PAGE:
State Sen. Martin Sandoval, D-Chicago

Illinois Sen. Martin Sandoval, D-Cicero, argues ethics legislation while on the Senate floor in this file photo from Tuesday, Sept. 23, 2008.

Seth Perlman/AP

Ex-State Sen. Martin Sandoval’s bribery charge

Charges against the once powerful Springfield politician targeted in raids last year suggest he is likely to plead guilty.

State Sen. Martin Sandoval resigned from the Illinois Senate in late November, two months after federal agents raided his Chicago home and government offices in Springfield and Cicero.

On Jan. 27, federals charged the the ex-official with bribery and filing a false tax return. The charges were filed in a two-page, lightly detailed document known as an information, which typically suggests a defendant intends to plead guilty.

The bribery count against Sandoval alleges that, between 2016 and September 2019, he “corruptly solicited, demanded, agreed to accept and accepted” money for “continued support for the operation of red-light cameras in the State of Illinois, including opposing legislation adverse to the interests of the red-light camera industry.”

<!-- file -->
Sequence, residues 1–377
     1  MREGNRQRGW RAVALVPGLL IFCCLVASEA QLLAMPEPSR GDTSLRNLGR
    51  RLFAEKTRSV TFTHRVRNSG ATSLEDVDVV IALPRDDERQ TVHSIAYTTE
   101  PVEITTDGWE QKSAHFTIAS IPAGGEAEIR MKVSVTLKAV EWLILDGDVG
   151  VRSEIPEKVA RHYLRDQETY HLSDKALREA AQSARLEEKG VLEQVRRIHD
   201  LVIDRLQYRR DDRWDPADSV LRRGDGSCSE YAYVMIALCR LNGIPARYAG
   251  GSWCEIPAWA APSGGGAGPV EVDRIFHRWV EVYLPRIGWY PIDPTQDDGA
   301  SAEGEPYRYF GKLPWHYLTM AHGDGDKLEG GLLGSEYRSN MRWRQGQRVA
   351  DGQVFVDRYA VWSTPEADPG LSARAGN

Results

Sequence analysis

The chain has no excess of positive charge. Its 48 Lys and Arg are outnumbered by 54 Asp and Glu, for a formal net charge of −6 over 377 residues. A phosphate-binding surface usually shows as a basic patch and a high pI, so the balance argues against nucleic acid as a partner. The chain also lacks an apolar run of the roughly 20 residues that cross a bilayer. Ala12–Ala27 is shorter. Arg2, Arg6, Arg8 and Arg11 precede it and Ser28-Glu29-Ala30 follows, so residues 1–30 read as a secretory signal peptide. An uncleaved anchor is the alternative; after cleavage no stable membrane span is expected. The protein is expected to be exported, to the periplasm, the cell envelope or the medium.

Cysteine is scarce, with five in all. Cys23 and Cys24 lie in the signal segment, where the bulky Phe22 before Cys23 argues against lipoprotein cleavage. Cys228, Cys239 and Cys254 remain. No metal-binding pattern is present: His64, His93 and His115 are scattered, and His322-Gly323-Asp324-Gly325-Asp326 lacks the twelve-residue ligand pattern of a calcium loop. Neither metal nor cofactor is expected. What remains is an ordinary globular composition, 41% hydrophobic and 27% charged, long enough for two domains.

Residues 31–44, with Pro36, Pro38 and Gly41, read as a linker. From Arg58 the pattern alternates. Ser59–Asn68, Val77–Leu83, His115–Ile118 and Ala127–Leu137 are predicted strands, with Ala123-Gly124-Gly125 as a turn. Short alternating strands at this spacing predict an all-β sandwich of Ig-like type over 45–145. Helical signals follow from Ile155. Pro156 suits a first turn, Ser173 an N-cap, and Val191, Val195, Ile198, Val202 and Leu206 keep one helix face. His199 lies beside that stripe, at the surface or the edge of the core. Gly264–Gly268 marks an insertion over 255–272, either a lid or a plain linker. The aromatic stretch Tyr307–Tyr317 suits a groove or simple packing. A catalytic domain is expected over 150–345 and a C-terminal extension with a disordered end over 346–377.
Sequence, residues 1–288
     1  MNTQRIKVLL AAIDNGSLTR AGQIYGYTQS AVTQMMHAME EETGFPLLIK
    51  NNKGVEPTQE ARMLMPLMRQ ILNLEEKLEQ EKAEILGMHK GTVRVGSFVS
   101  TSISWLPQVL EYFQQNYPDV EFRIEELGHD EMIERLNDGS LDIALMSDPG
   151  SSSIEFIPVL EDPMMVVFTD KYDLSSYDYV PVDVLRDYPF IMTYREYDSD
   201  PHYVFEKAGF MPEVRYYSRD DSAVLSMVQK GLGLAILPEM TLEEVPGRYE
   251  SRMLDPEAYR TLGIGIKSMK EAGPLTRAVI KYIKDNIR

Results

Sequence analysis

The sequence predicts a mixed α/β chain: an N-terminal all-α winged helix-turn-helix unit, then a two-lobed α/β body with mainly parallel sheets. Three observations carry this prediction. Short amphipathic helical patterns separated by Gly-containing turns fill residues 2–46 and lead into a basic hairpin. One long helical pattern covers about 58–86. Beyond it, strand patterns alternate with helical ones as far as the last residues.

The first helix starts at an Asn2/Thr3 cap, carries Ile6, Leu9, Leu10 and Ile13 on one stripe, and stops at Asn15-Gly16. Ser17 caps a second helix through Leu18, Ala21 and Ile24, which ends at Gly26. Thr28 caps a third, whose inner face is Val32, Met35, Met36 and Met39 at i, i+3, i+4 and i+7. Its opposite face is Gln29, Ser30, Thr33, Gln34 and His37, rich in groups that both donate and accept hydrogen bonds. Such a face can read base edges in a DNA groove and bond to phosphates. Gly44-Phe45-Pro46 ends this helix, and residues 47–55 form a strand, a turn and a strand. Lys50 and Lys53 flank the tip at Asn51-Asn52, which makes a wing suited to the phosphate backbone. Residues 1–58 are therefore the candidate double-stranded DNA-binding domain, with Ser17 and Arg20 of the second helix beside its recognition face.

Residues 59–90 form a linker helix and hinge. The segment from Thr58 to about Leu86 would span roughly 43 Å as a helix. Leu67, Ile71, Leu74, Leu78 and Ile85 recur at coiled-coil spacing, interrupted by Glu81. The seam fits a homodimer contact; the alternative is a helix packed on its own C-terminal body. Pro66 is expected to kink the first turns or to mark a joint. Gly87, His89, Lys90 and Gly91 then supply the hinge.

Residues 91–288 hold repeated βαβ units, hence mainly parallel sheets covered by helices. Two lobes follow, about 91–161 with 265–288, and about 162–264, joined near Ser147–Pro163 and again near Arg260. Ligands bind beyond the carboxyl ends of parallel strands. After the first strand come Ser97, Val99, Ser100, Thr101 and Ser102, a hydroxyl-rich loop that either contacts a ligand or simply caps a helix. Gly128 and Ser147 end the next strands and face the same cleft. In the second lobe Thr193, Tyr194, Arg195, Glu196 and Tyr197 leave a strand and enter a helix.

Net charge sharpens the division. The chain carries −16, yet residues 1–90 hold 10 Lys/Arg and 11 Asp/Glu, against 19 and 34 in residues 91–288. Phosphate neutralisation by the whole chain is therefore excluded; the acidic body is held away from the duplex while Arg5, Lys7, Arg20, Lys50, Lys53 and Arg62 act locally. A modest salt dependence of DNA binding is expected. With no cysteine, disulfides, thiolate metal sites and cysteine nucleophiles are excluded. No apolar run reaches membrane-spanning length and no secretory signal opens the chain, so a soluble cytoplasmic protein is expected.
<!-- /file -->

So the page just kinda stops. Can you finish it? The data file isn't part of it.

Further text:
Sandoval is also accused of filing a 2017 income tax return that said his total income was $125,905, when he “knew that the total income substantially exceeded that amount.”

Sandoval, 55, was a Water Reclamation District commissioner before he was first elected to the state Senate in 2003.

No court hearings have been scheduled yet in Sandoval’s case.

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September 24, 2019 12:08 PM